What is a Hand Surgeon
Our hands serve many purposes. Hands help us eat, dress, write, earn a living, create art, and do many other activities. To do these activities, our hands require sensation and movement, such as joint motion, tendon gliding, and muscle contraction. When a problem takes place in the hand, care must be given to all the different types of tissues that make function of the hand possible.
What do hand surgeons do?
Hand surgery is the field of medicine that deals with problems of the hand, wrist, and forearm. Hand surgeons care for these problems with and without surgery. They are specially trained to operate when necessary. Many hand surgeons are also experts in diagnosing and caring for shoulder and elbow problems.
Hand surgeons are orthopaedic, plastic, or general surgeons who have additional training in surgery of the hand. To become members of the Tunisia Society for Surgery of the Hand, hand surgeons must take a full year of additional training and must pass a rigorous certifying examination.
Why visit a hand surgeon?
When a problem takes place in the hand, care must be given to all the different types of tissues that make function of the hand possible.
Not every visit to a hand surgeon results in hand surgery.
Hand surgeons often recommend non-surgical treatment options to assist you. Sometimes, they may refer you to a hand therapist for more treatment.
Hand surgeons are specialists in hand care.
If you have pain in your fingers, hand, wrist or arm, or have other upper-extremity related concerns, you may want to consult a hand surgeon.
Examples of conditions treated by a hand surgeon are:
- Carpal tunnel syndrome
- Wrist pain
- Cuts on the fingers and hand
- Sports injuries to the hand and wrist
- Creating fingers from toes and other joints
- De Quervain's Tendinitis (De Quervain's Tendinosis)
- Arthritis of the Thumb
- Claw Toe
- Trigger Finger
- Tears and Instability
- Carpal tunnel syndrome
Carpal tunnel syndrome :
Carpal tunnel syndrome is a common source of hand numbness and pain. The tendons in the wrist swell and put pressure on the median nerve, one of three major nerves responsible for supplying feeling in the hand. It is more common in women than men and affects up to 10 percent of the entire population.
Your doctor will make the diagnosis by discussing your symptoms and by performing a number of physical tests, such as the following:
- Ask you to straighten the thumb while it is being held to determine whether there is any weakness in the median nerve (thumb abduction strength test)
- Ask you to extend the arms and relax the wrists to see whether you experience any numbness or tingling in the wrists (Phalen maneuver)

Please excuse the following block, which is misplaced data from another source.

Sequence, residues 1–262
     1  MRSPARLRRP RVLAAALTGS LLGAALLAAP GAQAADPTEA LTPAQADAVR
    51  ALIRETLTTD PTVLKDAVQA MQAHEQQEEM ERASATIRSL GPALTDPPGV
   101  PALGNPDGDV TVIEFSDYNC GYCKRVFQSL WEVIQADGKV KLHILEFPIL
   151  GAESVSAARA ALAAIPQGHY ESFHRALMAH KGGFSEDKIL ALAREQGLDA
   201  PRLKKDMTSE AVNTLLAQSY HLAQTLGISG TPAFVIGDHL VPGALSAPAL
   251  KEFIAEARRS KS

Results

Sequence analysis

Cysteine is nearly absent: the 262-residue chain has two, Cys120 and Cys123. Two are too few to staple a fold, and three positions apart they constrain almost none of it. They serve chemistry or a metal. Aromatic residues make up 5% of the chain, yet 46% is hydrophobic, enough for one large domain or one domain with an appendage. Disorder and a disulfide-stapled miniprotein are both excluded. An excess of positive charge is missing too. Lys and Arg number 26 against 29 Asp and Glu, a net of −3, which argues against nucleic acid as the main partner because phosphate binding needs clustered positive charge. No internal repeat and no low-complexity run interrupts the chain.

- Press down on the median nerve in the wrist to determine whether there is any sign of numbness or tingling. (Durkan carpal tunnel compression test)
- Tap along the median nerve in the wrist to see whether tingling is produced in any of the fingers
- Tell you to close your eyes and ask you whether you feel the pressure of two light pin-point touch on the fingertip of the affected hand. If you have carpal tunnel syndrome, you may be unable to distinguish two pin-point touches that are closer than 5 mm as separate points
Your doctor may order X-rays of the wrist if you have limited wrist motion. If symptoms continue to bother you, electrical testing of the nerve function (electrophysiological tests) is often performed to help confirm the diagnosis and clarify the best treatment option in your case.
If diagnosed and treated early, carpal tunnel syndrome can be relieved without surgery.
Treatment often begins with a brace or splint worn at night to keep the wrist in a natural position. Splints can also be worn during activities that aggravate symptoms.
Simple medications can help decrease pain. These medications include anti-inflammatory drugs (NSAIDs), such as ibuprofen.
Changing patterns of hand use to avoid positions and activities that aggravate the symptoms may be helpful.
A corticosteroid injection will often provide temporary relief, but symptoms may come back.
Surgery may be considered if carpal tunnel syndrome continues to bother you and you do not gain relief from nonsurgical treatments. The decision whether to have surgery is based mostly on the severity of the symptoms.
- If the symptoms are severe and won't go away, your doctor may consider surgery.
- In more-severe cases, surgery is considered sooner because other treatment options are less helpful.
- In very severe cases, surgery may be recommended to prevent irreversible damage.
Technique. Generally, carpal tunnel surgery is done on an outpatient basis under local anesthesia.
During surgery, a cut (incision) is made in the palm or wrist. The roof of the carpal tunnel is cut. This increases the size of the tunnel and decreases pressure on the nerve.
Some surgeons use a smaller incision and use a small camera (endoscope) to carry out the surgery.
Considerations. Risks from the surgery include bleeding, infection, and nerve injury. Some pain, swelling, and stiffness can be expected. Minor soreness in the palm is common for several months after surgery. Severe problems are rare. You may be instructed to elevate your hand and move your fingers after surgery. This helps minimize swelling and stiffness.